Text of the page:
5 Reasons Windows 8 Could Save Microsoft's Bacon
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Here are five reasons Windows 8 could become a huge success.
1 The bring-your-own-device trend has made it imperative to create an end user computing plan that encompasses multiple devices. That has meant adding support for iOS and Android, along with BlackBerry, not to mention the conventional desktop mix of Windows versions with a sprinkling of Mac OS and possibly Linux and thin clients.
If IT can reduce that burden by steering users down a unified Windows 8 path, they will. Note also that during the Windows Phone 8 launch, Microsoft said administrators will be able to manage the smartphone OS with the same tools they use to manage PCs. That's significant.
2 While there are clearly underlying differences among Windows 8, Windows 8 RT, and Windows Phone 8 from an application perspective, Microsoft has worked to make life easier for its developer community. No, x86 apps won't work on ARM devices--but for fairly obvious performance optimization reasons. However, when Microsoft rolled out Windows Phone 8, it also announced a new kernel that fits into what it calls the "shared Windows core," so that essential code is common across Windows 8 types, as is a shared set of APIs. Developers will have an easier time, but so will hardware ecosystem partners that want to create a shared set of drivers across platforms.
Microsoft also says that it will support native C and C++ code, which will make it easier to port to Windows Phone 8 and Windows 8 Android and iOS apps, as well as those nagging legacy applications. It will also make it easier for developers to use native open source libraries.
3 Microsoft's enterprise experience shines through with Win 8, especially with enhanced security and on the application side. As Mike Davis discusses in our security report, Windows 8 adds enhanced exploit mitigation, stronger sandboxing, and password management and encryption, just for starters. In other words, Microsoft, like a true enterprise-minded vendor, has baked in security from the get-go, not as an afterthought. And like other mobile industry players, Microsoft allows corporate-style apps in its Marketplace, and developers have to submit those for certification. Microsoft ensures that all apps in its Marketplace run well, and IT organizations get certificates to distribute to end users for access to those private applications. The downside of this approach: It has required the use of Windows Live ID, another point of administration. But with Win 8, those applications can exist anywhere: in Marketplace, on a Web server or private file server, or in the cloud. IT can distribute applications with, say, an email link. The key is that IT maintains deployment control. And with Windows Phone 8, Microsoft announced Company Hub, an app that IT can customize to incorporate only approved or corporate-developed Windows Phone 8 apps.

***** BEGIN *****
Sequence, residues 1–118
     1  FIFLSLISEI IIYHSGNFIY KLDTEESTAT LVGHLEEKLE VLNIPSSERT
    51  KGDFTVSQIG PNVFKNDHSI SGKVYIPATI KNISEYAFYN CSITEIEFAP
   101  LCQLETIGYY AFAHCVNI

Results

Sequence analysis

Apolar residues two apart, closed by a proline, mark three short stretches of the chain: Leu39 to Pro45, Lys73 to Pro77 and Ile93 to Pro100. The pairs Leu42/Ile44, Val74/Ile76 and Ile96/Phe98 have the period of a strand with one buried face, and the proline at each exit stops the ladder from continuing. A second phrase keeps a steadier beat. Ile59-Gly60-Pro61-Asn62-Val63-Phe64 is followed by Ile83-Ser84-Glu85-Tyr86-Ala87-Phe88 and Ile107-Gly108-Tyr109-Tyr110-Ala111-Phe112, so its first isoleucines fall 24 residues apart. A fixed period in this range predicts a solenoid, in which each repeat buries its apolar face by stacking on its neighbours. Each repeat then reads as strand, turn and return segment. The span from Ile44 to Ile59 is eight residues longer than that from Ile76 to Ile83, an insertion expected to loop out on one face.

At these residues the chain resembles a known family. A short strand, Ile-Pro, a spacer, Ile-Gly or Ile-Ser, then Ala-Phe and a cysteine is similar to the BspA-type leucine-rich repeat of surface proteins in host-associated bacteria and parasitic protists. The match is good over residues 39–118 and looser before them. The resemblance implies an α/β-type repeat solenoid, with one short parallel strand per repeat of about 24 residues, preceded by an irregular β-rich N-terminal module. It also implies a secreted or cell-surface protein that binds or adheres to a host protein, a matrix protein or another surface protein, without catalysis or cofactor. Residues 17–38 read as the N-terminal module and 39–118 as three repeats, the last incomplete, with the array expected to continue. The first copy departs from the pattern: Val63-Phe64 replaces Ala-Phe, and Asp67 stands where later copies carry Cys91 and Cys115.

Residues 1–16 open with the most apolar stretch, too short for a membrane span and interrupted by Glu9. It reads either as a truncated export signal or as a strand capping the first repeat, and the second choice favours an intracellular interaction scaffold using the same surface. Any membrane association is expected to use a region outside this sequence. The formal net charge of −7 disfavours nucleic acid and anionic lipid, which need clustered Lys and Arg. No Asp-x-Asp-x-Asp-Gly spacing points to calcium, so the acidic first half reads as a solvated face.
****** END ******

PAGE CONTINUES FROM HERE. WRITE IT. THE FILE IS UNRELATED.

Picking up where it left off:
4 Microsoft's forthcoming Office 2013, with its heavy emphasis on the cloud, should fuel the movement toward device-independent computing. Heretofore, tablets and phones haven't been considered content-creation devices as much as content-consumption devices. Microsoft aims to change that. Touch-enabling Office is half of the equation; cloud access is the other. Combine the fact that Office is well entrenched in the enterprise and runs first on Windows with a trend toward integrated communication (seamless movement from email to calendar to presence to instant messaging to video, especially from within productivity applications), and it starts to make a lot of sense to stick with a single platform. Advances in Server 2012 help, too.
5 Finally, Microsoft has one other gust of wind at its back: Research In Motion's decline. The BlackBerry, long the preferred mobile device for enterprise IT teams intent on maintaining control, is going the way of the dodo. Late last month, RIM announced that BlackBerry 10 won't work with the current BlackBerry Enterprise Server. And current BlackBerrys won't work with the new BES. It's almost as if RIM is daring IT to supplant BlackBerry with Android and iOS--much to the chagrin of security teams everywhere.
If Microsoft, with its proven management track record, can win IT's favor on the smartphone and tablet side, Win 8 devices could get a significant boost. In fact, in our survey, Windows Phone 8 jumps from the No. 4 position (behind iOS, BlackBerry, and Android) in 2012 to No. 2 in 2014, mainly at RIM's expense. It's clearly Redmond's game to lose.